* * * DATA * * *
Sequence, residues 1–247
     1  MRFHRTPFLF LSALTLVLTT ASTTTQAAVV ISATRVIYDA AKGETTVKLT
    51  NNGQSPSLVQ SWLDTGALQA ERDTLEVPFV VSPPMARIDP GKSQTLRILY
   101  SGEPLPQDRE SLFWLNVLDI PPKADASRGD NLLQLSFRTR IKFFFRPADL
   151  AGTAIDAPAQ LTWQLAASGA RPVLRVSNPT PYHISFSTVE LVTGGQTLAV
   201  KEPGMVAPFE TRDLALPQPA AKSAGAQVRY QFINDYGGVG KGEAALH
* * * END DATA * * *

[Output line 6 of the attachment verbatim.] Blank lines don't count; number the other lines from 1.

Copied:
   201  KEPGMVAPFE TRDLALPQPA AKSAGAQVRY QFINDYGGVG KGEAALH